We had been together for six months before your parents visited. They invited me to your birthday dinner at that Navy Pier restaurant where the vaulted wood-beamed ceiling was like the inside of a rowboat. Thick lengths of rope dangled everywhere with odd-shaped shipyard bits reclaimed and trapped in elaborate knots. Lake Michigan, with its wavering reflection of the Chicago skyline, dazzled through floor-to-ceiling glass.
Your mother kept sighing how she loved Midwestern summers and I understood where you got your secure charm.
Slashing his nearly raw steak so the juices ran over the greens, your father interrupted her, “What’s that British movie we watched some time ago? The soccer thing? Doesn’t she look just like that Indian girl?”
I bent my head low over my plate, searching for a cherry tomato to place into my arid mouth.
Though there was mock frustration in your tone, a kind of delight danced around your lips as you said, “Dad. She’s nothing like her. They don’t all look the same, you know.”
Your mother winked at me as if at a clever joke. She poured everyone more red wine and her diamond and gold bracelets clinked like she was dropping precious coins.
But it was the time you did not speak that got to me the most. I had come early on my night off to surprise you with a long-promised home-cooked dinner. Letting myself in, I heard your two buddies in the next room.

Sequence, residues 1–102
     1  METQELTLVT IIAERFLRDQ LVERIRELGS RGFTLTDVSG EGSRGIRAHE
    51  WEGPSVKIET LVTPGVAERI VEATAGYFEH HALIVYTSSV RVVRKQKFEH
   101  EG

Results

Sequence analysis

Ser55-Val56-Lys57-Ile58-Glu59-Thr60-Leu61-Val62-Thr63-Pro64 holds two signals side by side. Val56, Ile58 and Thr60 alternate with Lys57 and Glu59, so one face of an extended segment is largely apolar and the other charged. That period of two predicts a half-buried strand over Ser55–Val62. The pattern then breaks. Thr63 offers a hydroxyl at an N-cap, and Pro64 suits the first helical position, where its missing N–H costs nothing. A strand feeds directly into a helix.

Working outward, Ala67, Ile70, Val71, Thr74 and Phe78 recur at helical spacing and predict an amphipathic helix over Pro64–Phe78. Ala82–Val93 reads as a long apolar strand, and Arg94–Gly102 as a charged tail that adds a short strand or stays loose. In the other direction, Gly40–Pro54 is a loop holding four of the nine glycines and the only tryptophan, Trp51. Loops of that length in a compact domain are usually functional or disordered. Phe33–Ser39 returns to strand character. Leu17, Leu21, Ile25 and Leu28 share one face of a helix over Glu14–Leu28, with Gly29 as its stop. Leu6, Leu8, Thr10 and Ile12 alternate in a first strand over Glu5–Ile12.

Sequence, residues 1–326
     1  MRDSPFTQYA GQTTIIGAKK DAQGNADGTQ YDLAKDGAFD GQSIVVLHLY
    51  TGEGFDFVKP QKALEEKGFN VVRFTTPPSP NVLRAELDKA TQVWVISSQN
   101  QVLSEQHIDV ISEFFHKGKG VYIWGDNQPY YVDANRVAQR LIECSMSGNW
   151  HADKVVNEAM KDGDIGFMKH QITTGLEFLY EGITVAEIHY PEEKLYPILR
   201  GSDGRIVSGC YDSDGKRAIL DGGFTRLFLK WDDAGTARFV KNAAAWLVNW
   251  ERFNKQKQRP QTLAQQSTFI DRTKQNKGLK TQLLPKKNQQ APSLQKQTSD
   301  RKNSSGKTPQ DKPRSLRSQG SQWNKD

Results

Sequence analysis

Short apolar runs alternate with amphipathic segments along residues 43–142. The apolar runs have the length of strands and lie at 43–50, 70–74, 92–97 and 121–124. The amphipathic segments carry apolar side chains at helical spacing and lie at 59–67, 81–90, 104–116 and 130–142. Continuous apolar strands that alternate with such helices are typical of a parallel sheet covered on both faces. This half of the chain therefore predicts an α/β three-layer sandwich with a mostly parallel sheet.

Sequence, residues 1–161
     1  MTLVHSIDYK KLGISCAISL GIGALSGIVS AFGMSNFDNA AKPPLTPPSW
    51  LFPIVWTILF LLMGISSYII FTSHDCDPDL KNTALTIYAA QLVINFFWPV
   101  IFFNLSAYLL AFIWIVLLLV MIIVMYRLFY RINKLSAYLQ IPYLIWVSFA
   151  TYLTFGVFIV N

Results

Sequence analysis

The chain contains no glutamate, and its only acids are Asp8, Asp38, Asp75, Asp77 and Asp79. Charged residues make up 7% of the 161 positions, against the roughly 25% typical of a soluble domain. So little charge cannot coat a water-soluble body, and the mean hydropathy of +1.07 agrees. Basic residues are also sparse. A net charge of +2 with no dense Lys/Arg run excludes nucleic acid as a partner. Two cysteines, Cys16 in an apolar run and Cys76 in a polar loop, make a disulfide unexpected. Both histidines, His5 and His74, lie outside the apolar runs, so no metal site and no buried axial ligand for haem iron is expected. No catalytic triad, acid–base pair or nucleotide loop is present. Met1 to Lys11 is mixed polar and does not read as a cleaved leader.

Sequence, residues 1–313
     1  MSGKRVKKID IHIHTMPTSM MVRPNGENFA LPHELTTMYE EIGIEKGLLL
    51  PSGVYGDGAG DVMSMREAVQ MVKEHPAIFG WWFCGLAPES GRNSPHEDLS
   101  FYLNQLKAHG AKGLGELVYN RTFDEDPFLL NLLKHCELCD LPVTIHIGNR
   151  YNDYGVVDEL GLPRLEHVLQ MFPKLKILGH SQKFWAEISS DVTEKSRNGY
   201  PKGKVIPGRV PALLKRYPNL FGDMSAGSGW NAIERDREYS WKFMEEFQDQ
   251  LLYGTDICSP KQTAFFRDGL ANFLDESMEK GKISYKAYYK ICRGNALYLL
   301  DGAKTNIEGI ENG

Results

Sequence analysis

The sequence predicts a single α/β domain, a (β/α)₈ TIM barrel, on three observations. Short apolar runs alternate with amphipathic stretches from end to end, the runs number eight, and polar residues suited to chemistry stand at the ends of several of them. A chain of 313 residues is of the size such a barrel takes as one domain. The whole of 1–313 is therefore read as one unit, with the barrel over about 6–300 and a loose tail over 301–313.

One said: “Hey man, how come you’re dating out? Know what I mean? Could have at least given the old neighborhood a try first?”
The other: “Quit hatin’ on him ‘cause he’s got an exotic Indian princess while you’re jackin’ off to porn.”
I held my breath for the one voice I needed to hear. Instead, the air filled with the sound of you all hooting as if a favorite quarterback had scored a touchdown.
That night, your lips and fingers running all over my body gave me little pleasure. Perhaps sensing my lack of patience, you finished quicker than usual. Afterward, rather than wrapping myself around the shape of you as always, I rolled as far away as I could.
Next semester, it did not take you long to find someone new. I saw you together once in Campus Market, basket filled with frozen Indian food. With hennaed hair and tiny cut-off shorts, she seemed both exotic and whitewashed enough for you. When I locked eyes with her, she looked away first.